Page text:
There are no historical and other records to exactly  show when Tantrika  practices entered into the  Buddhist  faith before 1st  Century  B.C. Some correct  inferences , however , can  be  made  with available literature found in China, Tibet, Sinhala (Srilanka)Nepal and India. The existing  historical records  do  not  go  beyond  the  great   Buddhist Councils successively convened  upto  the reign  of Kaniska. These  great  Councils discussed  the rise of the new  unorthodox canon , as  upheld  by  Maha Sangikas.The  Mahavastu composed during this period show how Mahayanism  emerged  in the  scene  during the 1st Century B.C. and accepted into its fold all the  prevalent religious  doctrine , practices  and belief  of  Buddhism  and  Hinduism as well . Thus, Buddhism in its historical philosophical and social aspects , in its thought  and  resultant  practices accepted and incorporated Hindu Tantra relating to Shakti worship.


            It is believed that by the time Ashoka conqured Kalinga Empire he  found it to be a famous centre of Buddhism.Undoubtedly this part of Orissa, particularly Ganjam region on  the  bank  of  river Rushikulya was very active in Buddhist pursuits. It is evident from the   Special Rock  Edit of  Ashoka found at Samapa ( modern Jaugada) ,  the capital of Southern  Kalinga of Ashokan  Empire ,  at  a  mere distance  of 4 Kms.  from Tara-Tarini Hill.  Though the  Special  Rock  Edit of  Ashoka at  Jaugada has nothing  to do   with  Buddhism  as  it  especially addressed  his    officials , the  propagation   of Buddhism in and around this capital city of  Ashoka can  not  be ruled  out .Hence , the probability of worship  of  Tara , the   primordial  deity  of the Mahayana Buddhist  sect  at  Tara-Tarini  Hill  and Tara-Tarini as  a  famous   Buddhist  Tantra  Pitha since  this  time, can be established on the  basis of this  hypothesis. Moreover till date it has been considered as one  of  the  most  important  Tantra Pitha. Interesting  a small image of  of  Buddha in its meditating  sitting posture, present inside the sanctum  sanctorum  of the main  temple  corborates the  claim  of  this site to the ancient  centre of Shakta cult.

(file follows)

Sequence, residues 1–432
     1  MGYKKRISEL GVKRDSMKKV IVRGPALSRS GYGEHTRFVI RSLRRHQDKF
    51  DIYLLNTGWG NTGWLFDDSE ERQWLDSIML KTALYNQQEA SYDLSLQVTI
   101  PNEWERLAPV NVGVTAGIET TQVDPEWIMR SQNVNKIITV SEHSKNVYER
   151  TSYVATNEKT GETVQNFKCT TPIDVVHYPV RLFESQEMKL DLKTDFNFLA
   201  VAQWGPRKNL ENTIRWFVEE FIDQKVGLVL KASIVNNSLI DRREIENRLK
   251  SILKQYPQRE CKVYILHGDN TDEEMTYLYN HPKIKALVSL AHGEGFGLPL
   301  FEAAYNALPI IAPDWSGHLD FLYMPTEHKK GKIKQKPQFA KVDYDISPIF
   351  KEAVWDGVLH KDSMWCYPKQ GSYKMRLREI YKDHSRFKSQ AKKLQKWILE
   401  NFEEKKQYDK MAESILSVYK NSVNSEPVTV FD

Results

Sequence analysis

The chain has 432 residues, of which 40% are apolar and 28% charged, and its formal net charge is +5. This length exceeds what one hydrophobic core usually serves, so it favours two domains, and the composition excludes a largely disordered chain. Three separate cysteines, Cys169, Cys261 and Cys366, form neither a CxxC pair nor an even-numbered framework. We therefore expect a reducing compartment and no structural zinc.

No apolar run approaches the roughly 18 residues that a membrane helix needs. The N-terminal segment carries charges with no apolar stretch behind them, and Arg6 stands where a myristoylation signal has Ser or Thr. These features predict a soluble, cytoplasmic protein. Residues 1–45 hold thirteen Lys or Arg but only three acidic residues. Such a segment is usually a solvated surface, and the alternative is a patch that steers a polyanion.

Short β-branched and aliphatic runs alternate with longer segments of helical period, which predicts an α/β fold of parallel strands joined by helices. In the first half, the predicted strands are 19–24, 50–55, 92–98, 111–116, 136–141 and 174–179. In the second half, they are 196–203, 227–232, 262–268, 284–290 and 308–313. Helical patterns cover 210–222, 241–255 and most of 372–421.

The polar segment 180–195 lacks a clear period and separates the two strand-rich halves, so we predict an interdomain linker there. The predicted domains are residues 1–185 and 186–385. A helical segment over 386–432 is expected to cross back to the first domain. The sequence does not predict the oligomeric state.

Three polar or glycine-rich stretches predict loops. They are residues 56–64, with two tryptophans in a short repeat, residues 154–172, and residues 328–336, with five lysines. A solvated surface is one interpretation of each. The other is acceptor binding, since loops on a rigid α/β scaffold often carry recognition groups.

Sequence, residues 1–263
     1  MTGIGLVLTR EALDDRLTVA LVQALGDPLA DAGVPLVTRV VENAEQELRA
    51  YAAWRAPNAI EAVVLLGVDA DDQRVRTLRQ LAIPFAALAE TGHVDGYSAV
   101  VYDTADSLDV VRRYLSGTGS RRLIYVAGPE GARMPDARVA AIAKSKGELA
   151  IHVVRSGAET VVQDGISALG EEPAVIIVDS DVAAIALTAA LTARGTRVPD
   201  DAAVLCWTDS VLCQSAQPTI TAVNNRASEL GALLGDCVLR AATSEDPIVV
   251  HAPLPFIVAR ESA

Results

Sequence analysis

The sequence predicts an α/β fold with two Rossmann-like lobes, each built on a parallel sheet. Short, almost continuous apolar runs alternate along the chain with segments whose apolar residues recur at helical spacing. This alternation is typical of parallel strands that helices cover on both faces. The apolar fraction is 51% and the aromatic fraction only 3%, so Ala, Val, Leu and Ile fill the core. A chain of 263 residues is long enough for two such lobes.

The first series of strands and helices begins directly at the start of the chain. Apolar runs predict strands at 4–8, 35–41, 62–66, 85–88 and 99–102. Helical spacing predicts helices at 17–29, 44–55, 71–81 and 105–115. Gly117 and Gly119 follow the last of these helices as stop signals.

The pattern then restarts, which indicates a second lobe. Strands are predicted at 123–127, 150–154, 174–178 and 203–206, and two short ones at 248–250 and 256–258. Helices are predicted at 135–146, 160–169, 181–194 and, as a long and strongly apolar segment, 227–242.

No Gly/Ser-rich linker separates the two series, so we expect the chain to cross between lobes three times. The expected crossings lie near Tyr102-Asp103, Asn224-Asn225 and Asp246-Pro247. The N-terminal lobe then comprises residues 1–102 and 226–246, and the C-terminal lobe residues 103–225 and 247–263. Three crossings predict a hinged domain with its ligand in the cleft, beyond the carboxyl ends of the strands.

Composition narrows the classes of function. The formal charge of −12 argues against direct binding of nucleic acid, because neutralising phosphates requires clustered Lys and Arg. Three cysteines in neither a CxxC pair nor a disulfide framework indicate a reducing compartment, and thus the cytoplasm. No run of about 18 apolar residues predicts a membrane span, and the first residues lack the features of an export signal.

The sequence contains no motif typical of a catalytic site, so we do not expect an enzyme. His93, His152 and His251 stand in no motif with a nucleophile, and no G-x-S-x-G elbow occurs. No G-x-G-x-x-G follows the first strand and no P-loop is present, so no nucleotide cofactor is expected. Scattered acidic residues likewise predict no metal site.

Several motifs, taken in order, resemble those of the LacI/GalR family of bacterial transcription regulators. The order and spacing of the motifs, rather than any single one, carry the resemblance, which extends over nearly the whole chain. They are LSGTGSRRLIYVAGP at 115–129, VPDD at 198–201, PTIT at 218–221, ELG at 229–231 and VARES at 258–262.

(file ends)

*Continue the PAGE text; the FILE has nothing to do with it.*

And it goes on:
Besides the worship of Tara by the Buddhist Tantrikas the  maritime  history  of  Kalinga  also suggest  the  worship  of  Tara  by  the  Sadhavas, merchants and sea-men before  launching  their  sea voyage. Once upon a  time  river   Rushikulya   was conducive to navigation and probably the worship of Tara has been a practice among  the people of  this region  involved in   mari-time   activities . Even some   ruins  of  a brick  foundation   at  village Mukundapur on the south bank of river Rushiklya  at the bottom of Tara-Tarini Hill and  the  so  called Ganda ( deep river )  adjacent to  this  points  to some flourishing maritime activities in this region through river Rushikulya. Hence , on  the  basis of these   evidences  the   worship   of   Shakti   at Tara-Tarini can be traced back to a very old age.